Tuesday 12 December 2017

Common injuries include Achilles tendon overuse

The Achilles tendon is the longest and strongest tendon in the body
The Achilles tendon is the longest and strongest tendon in the body

Mark McCabe

One of the most common forms of overuse injuries we see in our clinic is damage to the Achilles tendon. It is best to take precautions to prevent injuries here in the first place, so be diligent in completing your strength and conditioning sessions.

Tendons consist of collagen tissue and while this is elastic and capable of developing high-tensile loads, it has a very poor blood supply. Because of this, if tendons are damaged, their healing time is prolonged. Tendons attach muscles to bones and transfer the forces developed by the muscles to the bone, causing movement to happen. Owing to their elastic nature, they can act as springs, enabling you to get "free energy" by bouncing along if they are very strong and well-conditioned.

It has been shown that many tendon over-use injuries show degenerative micro tears called tendinopathy, which, once they reach a certain threshold, cause pain with activity in that tendon. This leads to further weakening of the tendon and, if activity is continued, damage occurs due to the reduced tensile load the tendon can bear.

The Achilles tendon is the longest and strongest tendon in the body. Causes of injury include weakness or lack of muscular endurance in the muscles that coordinate lumbo/pelvic control surrounding the hip and trunk, or in the driving muscles of the legs, such as the gluteal, hamstring or calf complex.

If Achilles' tendinopathy is diagnosed, then any of the relevant mechanical or training factors mentioned above need to be addressed in your rehab plan, coupled with therapeutic exercises to regain the ability of the Achilles' to withstand tensile load. Loading the tendon through resistance training encourages the stimulation of new tendon tissue repair - a formation of micro massage occurs which, through irritating the injury site, facilitates faster repair. Doing calf raises, progressively increasing the load, is a key way to do this.

Other conditions can mimic Achilles' tendinopathy so consult a medical professional with a background in sports medicine to make a proper diagnosis if you are experiencing pain in this area.

Q: My thighs are killing me when running and my legs feel very heavy during the day. I’ve stuck to the programme so far and don’t want to stop now. What should I do?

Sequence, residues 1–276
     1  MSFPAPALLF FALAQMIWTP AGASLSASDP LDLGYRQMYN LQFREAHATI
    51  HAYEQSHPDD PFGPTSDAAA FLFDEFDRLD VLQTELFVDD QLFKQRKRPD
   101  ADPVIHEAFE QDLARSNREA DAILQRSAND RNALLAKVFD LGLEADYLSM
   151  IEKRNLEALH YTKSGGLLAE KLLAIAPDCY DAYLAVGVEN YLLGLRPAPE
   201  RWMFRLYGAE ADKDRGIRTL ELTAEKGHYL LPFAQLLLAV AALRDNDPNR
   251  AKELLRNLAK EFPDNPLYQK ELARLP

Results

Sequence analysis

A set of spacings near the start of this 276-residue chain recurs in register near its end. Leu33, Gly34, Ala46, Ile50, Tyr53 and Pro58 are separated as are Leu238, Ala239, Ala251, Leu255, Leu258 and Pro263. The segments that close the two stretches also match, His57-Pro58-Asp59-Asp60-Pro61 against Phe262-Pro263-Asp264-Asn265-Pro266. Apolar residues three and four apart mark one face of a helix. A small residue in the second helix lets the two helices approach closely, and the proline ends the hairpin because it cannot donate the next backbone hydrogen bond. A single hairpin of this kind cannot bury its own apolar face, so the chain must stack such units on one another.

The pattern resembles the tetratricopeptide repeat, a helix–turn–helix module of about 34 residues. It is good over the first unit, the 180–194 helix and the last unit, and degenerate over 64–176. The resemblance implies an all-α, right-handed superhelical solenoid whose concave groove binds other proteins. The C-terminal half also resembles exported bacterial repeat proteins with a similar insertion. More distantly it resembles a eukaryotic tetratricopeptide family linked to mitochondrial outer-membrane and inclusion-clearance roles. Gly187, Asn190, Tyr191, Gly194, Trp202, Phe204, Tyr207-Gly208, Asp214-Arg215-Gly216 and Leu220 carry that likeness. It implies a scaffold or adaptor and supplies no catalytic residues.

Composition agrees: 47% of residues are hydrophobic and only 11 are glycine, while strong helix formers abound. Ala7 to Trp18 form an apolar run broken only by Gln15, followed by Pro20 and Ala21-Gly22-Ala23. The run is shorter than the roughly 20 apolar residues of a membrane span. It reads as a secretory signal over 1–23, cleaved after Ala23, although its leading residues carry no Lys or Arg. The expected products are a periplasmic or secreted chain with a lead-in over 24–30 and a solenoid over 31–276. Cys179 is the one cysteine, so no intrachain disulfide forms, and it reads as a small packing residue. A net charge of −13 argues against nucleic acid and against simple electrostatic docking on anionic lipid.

A: Excessive muscle soreness after runs that persists longer than 48-72 hours after sessions is typically an indication of inadequate recovery between sessions. Your body is struggling to adapt to the combination of training stress and life stressors that you are encountering on a daily and weekly basis.

If you have been hitting your sessions harder than you should have been, or if your nutritional habits have been bad, you may have build up too much training stress that now needs additional recovery to allow you to make fitness gains. Similarly, following the programme to a ‘T’, despite increased work or personal stressors (longer work hours, deadlines, sick children etc) may push your body to much and mean that you need to go easier on the workout plan until your personal situation settles. Either way, you should look to reduce the intensity of the sessions to allow increased recovery time.

Continuing to push through pain or discomfort in these cases typically results in loss of fitness rather than any significant gains. Elite athletes, with years of training history, may be an exception to this. So, change out your next run and substitute  it for a recovery swim or an easy walk or cycle to encourage muscle recovery. Similarly, cut down the total number of sets and repetitions on your gym programme. Until your legs return back to normal, sessions should be energising and light.

After a few days, use a foam roller on all the major muscles of your legs or if possible consider a sports massage to bring back some freshness to your legs.

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